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Tanks come alive in Museum of American Armor mobile display

World War II-era tanks rumbled past hundreds of spectators at the Museum of American Armor in Old Bethpage, and the field outside turned into a vintage battlefield Saturday, Sept. 2, 2017, in the museum's largest-ever mobile display. Credit: Steve Pfost

The field outside the Museum of American Armor in Old Bethpage turned into a vintage battlefield Saturday, as World War II-era tanks rumbled past hundreds of spectators in the museum’s largest-ever mobile display.

Bernard Fradkin, 85, of Westbury, had seen only one of the models on display Saturday — a Sherman tank — in combat, when he was an infantryman in the Korean War.

But he recalled other vehicles from World War II movie-theater newsreels he watched as a kid.

“To see our American boys riding on the tanks — it brings back memories,” Fradkin said, referring to museum volunteers dressed in vintage Army uniforms.

Anthony LaGiglia, 44, of Bay Shore, was one of the volunteers from the Long Island Living History Association who either rode in the tanks and other armored vehicles, or explained their history to visitors.

He viewed the event as a tribute to World War II veterans.

“The greatest generation, they’re dying off,” LaGiglia said. “This is a way to keep them alive — the sacrifices they made for their country.”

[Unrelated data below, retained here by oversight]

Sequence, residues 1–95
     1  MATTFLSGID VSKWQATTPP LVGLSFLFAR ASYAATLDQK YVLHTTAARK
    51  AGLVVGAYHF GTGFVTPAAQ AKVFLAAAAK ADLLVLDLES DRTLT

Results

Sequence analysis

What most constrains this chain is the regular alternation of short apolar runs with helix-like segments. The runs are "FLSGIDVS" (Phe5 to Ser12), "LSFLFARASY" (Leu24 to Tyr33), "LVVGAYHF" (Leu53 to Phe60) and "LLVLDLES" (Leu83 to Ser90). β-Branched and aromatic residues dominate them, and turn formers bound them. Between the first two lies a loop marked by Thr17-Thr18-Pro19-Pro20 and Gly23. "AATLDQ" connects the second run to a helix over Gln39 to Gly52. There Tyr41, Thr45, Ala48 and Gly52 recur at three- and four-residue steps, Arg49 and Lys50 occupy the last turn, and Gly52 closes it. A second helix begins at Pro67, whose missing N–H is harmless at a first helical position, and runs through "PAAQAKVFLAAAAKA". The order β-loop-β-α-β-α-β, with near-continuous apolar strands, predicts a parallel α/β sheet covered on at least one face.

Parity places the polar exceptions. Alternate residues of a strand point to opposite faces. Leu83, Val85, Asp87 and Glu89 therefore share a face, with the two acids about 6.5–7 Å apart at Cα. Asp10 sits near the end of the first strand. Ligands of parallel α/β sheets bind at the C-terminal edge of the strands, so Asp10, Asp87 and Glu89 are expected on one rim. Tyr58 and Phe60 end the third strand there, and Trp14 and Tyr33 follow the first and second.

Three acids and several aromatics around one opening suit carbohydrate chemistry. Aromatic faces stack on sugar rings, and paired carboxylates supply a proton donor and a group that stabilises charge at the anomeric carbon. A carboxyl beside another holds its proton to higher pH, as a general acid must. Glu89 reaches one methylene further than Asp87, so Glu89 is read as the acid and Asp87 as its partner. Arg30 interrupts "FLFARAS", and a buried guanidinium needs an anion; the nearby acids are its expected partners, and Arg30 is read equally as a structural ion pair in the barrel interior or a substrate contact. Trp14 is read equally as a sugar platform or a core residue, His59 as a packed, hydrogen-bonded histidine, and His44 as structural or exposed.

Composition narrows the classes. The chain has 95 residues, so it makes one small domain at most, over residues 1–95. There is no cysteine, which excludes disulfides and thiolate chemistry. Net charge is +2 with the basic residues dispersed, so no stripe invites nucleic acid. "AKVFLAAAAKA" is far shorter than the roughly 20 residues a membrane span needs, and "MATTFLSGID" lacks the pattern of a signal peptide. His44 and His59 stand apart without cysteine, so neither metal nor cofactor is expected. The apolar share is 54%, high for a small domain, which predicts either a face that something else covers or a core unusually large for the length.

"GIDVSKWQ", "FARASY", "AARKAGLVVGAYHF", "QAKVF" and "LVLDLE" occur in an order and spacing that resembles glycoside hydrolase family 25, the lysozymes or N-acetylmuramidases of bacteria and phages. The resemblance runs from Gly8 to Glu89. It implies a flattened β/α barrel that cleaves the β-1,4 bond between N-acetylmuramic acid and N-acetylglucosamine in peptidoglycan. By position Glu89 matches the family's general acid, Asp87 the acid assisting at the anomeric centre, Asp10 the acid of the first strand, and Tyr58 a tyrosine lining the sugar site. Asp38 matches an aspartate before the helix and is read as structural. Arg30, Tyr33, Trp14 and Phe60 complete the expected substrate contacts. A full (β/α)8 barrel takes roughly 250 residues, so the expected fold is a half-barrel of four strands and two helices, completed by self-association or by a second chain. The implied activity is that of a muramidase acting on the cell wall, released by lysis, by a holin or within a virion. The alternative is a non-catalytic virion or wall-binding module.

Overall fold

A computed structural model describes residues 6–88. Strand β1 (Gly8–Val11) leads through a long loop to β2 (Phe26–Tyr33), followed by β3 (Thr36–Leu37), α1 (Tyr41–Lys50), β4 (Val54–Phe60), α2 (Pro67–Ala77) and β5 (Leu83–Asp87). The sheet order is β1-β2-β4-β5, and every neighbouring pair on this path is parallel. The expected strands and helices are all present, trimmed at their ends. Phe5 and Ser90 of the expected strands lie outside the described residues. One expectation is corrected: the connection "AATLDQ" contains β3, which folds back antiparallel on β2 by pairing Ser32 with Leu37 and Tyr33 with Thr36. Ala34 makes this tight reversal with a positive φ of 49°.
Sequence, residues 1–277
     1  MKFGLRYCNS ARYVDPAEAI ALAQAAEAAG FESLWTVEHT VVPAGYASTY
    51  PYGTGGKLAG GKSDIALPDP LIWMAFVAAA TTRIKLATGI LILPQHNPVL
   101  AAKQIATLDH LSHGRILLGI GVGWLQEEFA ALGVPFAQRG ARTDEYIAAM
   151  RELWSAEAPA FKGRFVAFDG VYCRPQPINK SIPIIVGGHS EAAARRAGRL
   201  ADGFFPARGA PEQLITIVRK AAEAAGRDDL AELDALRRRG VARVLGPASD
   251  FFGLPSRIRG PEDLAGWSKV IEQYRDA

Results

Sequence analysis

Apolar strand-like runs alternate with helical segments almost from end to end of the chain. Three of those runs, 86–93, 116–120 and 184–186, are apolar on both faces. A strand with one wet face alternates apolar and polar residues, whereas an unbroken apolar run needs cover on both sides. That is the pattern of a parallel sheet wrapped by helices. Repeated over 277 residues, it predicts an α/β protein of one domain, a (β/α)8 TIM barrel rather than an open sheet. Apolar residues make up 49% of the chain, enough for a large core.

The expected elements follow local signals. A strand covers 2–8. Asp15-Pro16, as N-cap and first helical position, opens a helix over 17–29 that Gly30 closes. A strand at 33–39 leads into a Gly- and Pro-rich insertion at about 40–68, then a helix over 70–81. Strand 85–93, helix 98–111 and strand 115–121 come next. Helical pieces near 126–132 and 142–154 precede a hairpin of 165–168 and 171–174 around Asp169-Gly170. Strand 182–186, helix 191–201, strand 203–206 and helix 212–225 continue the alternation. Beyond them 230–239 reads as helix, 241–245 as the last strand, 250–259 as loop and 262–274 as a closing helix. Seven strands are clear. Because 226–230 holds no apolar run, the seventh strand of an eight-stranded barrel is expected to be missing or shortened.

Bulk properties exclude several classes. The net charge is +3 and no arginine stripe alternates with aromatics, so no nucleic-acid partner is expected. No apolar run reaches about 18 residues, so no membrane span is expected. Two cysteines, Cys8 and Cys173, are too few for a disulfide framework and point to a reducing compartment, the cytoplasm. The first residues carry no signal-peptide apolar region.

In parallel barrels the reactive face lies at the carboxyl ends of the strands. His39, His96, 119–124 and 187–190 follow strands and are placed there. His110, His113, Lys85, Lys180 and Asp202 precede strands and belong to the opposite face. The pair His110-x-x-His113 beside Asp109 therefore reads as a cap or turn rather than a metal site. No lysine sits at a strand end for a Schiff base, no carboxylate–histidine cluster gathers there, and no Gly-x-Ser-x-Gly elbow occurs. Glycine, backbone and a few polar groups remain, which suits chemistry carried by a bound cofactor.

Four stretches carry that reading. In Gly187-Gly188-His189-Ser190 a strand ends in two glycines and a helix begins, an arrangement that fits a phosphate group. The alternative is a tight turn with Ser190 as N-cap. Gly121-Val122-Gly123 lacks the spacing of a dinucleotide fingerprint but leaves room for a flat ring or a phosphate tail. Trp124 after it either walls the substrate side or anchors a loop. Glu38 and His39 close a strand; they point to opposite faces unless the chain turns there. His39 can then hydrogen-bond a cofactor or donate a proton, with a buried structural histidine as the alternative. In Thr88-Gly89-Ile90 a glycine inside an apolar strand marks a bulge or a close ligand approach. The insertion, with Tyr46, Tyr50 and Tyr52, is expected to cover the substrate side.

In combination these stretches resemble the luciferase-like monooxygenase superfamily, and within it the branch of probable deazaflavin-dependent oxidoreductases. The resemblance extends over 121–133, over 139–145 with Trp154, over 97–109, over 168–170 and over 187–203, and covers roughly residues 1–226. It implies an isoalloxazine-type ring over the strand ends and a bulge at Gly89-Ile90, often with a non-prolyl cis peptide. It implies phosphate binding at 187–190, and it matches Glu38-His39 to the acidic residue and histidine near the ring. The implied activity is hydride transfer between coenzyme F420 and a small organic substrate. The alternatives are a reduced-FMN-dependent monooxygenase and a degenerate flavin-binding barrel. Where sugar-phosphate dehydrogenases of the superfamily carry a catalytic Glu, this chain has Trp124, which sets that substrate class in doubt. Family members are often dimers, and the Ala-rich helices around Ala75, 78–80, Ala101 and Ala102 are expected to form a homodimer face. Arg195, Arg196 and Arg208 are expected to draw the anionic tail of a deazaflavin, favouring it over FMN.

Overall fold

The tanks and other vehicles are typically within the cavernous museum’s walls. Some have been taken out for re-enactments and other events, but never have so many been mobile at once, said Gary Lewi, spokesman for the 3-year-old museum.

Most were from World War II, but a few were built in the postwar years, including a tank the U.S. Army gave to Jordan, which used it until it was captured by Israel in the 1967 Six-Day War, he said.

A halftrack — which moves with wheels in front, treads in the back — gave rides to visitors.

Rick Cervantes, 52, of Lindenhurst, imagined himself in battle as he and his 5-year-old son, Jack, circled the field.

“Can you imagine being out there?” he said. “You had guns shooting at you.”

Jeffrey Kao, 10, of Franklin Square, asked the museum’s Kevin Carroll how fast the halftrack could move.

“It all depends on who’s behind you,” Carroll said. “If there were Germans behind you, it went pretty fast.”

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